J was 26 and working at a call centre when she met her boyfriend through social media. At their first meeting he advised her to change her career and her friends. “He questioned all my decisions. He was very possessive and controlling, but I was taken in,” she says.

A was in the 11th grade and going through an emotionally vulnerable period when she met her boyfriend. “I was not doing well mentally and he would use that against me, make me feel small,” she says. When she tried to end the relationship, he sent her on a guilt trip, telling her he had given up everything for her.

Recognising abuse

India’s domestic violence law passed in 2005 recognises the many forms of abuse. This includes not just physical violence but sexual, verbal, emotional and economic abuse.

But, says therapist Biraj Bose, there is a lack of awareness both of the types of abuse and of the protection offered by the law.

“Very often victims of abuse do not realise they are even being abused,” says another counsellor who asked not to be named. When the person herself does not recognise she is being abused, it becomes difficult to seek any sort of redress.

Mediation is often the family, and society’s, instinctive response. Daughters are brought up, by and large, to be pliant and maintain family ‘honour’ at all costs. A victim of abuse typically suffers from low self-esteem and it becomes difficult for her to set boundaries. “The earlier it is accepted, the better it is,” says the counsellor.

Emotional and other forms of abuse often manifest in physical ailments: inability to sleep, anxiety, hypertension and diabetes. When patients show up with physical problems, doctors are not trained to spot that the root cause might lie elsewhere.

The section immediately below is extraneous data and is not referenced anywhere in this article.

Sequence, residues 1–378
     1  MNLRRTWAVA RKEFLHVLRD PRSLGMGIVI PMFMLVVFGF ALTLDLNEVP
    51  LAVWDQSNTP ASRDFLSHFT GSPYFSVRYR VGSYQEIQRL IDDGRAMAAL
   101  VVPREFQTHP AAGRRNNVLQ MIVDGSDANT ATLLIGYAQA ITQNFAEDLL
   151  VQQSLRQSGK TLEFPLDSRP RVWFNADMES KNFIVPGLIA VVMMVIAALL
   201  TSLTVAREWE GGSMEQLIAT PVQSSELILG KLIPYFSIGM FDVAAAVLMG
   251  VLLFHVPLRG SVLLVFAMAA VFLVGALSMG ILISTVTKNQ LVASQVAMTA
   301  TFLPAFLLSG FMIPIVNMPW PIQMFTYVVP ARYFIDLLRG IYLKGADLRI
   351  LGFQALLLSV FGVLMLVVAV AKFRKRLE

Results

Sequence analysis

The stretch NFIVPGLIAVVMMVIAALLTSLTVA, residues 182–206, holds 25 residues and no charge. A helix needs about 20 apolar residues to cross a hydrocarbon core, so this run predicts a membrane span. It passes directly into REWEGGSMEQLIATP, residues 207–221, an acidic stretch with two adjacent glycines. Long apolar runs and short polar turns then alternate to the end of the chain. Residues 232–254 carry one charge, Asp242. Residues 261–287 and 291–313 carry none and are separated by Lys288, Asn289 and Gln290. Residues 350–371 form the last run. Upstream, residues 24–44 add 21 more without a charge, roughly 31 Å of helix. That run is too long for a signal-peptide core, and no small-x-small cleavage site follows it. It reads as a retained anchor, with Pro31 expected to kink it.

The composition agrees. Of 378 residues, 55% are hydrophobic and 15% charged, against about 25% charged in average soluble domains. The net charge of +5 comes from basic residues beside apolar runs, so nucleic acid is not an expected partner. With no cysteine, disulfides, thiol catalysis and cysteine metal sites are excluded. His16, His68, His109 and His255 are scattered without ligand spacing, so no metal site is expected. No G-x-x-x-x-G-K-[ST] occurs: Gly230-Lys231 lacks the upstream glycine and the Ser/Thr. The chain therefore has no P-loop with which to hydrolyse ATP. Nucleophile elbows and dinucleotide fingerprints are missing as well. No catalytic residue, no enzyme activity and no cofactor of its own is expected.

One in three women in India have experienced some form of domestic abuse. And while civil society activists and government are working on the ground to stamp out physical violence, less is being said about the other forms of abuse.

It’s time to start talking.

*Names concealed.


S Phangnon Konyak of the BJP who was been named her party’s nominee for its lone Rajya Sabha seat from Nagaland. If elected on March 31, she will become the first woman from the state to enter the Upper House, and first Naga woman member of Parliament since 1977.


“In our society, victims of sexual offence are, more often than not, treated as the abettor, if not perpetrator of the crime, even though the victim may be absolutely innocent.”

While delivering a judgment on a matter concerning a sexual offence of a minor child, Justice Indira Banerjee of the Supreme Court added that instead of empathising with the victim, people start finding fault and the victim is “ridiculed, defamed, gossiped about, and even ostracised.


Under the law, adoptive mothers are entitled to 12 weeks of paid leave, but only if the child is under three months of age.

Biological mothers get 26 weeks of paid leave under the same law.

Source: Behanbox.


In her heyday, it is rumoured that she carried a prize of Rs 10,000 on her head for participating in the Telangana armed struggle from 1945-48. She had studied only until the fifth grade but began her political life at the age of 11, campaigning against bonded labour. During the 1983 assembly polls, a political rival threatened to shoot her and she responded: “Are you going to shoot me? Then shoot me.”

On March 19, Mallu Swarajyam, the 91-year-old fiery feminist died of a lung infection.